The tangible effects of the pandemic for many people – those they can see and feel for themselves – are like the layers of an onion; once you remove the daily onslaught of dread mainstream media, the dystopian impositions on personal liberty, rights and freedom of work, life, expression and association; once you remove the measures, regulations and restrictions imposed nominally to mitigate the effects of the pandemic; when finally the last layer of the onion is removed, what is revealed is a conspicuous absence. I would challenge people to renounce mainstream media for a week and see what effect this has on their perceptions; I am confident it would engender a great change. If they were to then continue this experiment for a month, I am confident many would never return to mainstream media ever again.
Many have never felt any evidence of the pandemic itself, only its peripheral effects. Many have never fallen ill, known anyone who has fallen ill, seen anyone fall ill or personally know of anyone having died. To them, this pandemic has little more reality than a story, little more reality than theirs has to those free to sit the pandemic out in relative comfort and undisturbed ease. What does have reality to them is the previously unimaginable strangling of their lives and livelihoods. For these people, accepting the mainstream narrative would require a leap of faith that would be impossible without trust. But how can these people, who have been excluded and forgotten, be reasonably expected to trust anyone, let alone the state?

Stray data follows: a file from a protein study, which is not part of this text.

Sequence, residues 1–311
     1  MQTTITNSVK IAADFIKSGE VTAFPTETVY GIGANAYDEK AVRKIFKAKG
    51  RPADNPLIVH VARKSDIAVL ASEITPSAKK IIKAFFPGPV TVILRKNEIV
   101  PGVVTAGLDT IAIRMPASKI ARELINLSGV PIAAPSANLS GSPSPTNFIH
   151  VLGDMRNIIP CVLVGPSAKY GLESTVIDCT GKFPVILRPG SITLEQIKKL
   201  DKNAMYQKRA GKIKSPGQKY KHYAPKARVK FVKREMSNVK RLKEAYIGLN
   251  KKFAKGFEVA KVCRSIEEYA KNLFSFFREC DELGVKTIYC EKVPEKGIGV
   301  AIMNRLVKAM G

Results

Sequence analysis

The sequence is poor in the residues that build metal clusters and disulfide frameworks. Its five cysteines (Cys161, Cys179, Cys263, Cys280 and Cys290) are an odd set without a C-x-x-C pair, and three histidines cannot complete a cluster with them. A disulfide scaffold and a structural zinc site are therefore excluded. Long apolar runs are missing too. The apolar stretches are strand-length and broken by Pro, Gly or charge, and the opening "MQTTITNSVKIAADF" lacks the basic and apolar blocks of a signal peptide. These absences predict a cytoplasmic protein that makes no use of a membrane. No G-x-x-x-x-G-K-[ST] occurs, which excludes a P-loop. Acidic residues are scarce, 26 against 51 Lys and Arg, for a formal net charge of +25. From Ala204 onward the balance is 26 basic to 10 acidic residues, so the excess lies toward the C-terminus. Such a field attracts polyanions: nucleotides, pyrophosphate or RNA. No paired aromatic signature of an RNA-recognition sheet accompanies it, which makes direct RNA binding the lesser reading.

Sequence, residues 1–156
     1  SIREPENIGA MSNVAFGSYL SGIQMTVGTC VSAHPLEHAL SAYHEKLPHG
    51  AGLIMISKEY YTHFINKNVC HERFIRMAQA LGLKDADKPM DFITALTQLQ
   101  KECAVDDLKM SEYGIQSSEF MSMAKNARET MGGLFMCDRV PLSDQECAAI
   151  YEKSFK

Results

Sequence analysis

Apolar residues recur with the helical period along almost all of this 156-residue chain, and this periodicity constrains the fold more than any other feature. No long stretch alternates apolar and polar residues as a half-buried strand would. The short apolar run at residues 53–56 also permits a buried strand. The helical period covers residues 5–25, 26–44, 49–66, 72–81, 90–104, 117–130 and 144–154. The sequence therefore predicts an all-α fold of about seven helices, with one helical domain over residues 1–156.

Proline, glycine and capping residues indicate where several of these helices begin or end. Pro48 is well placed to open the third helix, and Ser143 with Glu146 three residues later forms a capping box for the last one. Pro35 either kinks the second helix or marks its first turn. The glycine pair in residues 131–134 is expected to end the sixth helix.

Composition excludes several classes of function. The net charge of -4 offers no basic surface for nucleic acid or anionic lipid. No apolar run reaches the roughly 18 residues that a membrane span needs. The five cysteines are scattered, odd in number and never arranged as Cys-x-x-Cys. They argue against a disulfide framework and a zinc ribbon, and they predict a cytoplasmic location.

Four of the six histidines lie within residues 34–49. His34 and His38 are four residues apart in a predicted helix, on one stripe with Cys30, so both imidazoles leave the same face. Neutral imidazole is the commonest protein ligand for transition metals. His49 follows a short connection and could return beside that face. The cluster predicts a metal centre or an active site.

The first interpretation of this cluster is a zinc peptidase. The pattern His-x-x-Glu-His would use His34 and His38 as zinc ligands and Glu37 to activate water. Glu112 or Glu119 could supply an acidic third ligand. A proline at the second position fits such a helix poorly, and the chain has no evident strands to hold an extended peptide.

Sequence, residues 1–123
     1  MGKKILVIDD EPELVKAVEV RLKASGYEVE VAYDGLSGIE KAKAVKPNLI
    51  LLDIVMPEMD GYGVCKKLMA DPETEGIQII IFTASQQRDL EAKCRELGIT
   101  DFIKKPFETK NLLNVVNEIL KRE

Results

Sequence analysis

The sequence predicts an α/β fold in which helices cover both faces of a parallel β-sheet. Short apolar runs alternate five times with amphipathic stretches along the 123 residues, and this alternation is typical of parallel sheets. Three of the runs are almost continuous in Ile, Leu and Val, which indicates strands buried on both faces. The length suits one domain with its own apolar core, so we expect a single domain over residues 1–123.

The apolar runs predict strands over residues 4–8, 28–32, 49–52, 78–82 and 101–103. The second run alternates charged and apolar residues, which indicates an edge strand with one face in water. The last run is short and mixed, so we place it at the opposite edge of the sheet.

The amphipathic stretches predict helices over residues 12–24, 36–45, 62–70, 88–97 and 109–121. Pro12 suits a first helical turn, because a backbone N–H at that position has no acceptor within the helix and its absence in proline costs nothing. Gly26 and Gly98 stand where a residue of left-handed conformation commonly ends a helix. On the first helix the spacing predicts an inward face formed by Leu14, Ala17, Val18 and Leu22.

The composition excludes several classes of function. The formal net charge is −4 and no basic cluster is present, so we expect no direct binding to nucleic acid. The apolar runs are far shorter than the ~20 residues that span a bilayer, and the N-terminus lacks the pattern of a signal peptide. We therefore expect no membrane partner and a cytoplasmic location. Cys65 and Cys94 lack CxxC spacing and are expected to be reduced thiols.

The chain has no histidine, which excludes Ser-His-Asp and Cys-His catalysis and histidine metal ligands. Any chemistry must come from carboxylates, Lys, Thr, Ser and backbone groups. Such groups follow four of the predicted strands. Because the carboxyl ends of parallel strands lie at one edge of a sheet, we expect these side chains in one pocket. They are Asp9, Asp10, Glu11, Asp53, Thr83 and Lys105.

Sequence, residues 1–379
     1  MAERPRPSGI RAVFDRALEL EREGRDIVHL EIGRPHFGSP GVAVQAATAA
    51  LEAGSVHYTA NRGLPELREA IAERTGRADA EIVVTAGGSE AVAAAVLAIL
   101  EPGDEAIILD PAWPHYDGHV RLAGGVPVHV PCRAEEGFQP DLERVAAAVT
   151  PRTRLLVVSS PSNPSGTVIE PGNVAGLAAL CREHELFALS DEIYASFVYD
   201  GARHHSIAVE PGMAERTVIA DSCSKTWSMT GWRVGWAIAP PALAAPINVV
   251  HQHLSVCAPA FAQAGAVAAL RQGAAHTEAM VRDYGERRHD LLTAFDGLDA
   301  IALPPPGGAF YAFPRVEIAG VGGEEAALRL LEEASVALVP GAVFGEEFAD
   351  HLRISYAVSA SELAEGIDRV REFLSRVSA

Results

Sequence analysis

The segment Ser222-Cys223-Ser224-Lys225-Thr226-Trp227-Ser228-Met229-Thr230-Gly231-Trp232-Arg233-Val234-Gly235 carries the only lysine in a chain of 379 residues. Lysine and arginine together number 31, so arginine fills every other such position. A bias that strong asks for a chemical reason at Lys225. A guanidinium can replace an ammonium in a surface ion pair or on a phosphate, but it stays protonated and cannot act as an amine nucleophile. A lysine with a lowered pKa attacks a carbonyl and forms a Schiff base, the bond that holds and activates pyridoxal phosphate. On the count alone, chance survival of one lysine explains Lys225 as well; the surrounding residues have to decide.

Unable to find any satisfactory answers to their questions and scepticism in the places that are charged with the responsibility of providing these very necessities, and finding themselves and their concerns belittled, ridiculed, intimidated, shamed, censored and scapegoated, they have gone elsewhere to satisfy their legitimate human needs. And where they have found these needs met, they have found a completely new narrative; one that begets a completely different set of priorities and concerns to those of the established narrative and all those who subscribe to it. And with no bridge between these two very different and opposed worlds, we find ourselves, not once more but even more, in a bitterly divided state.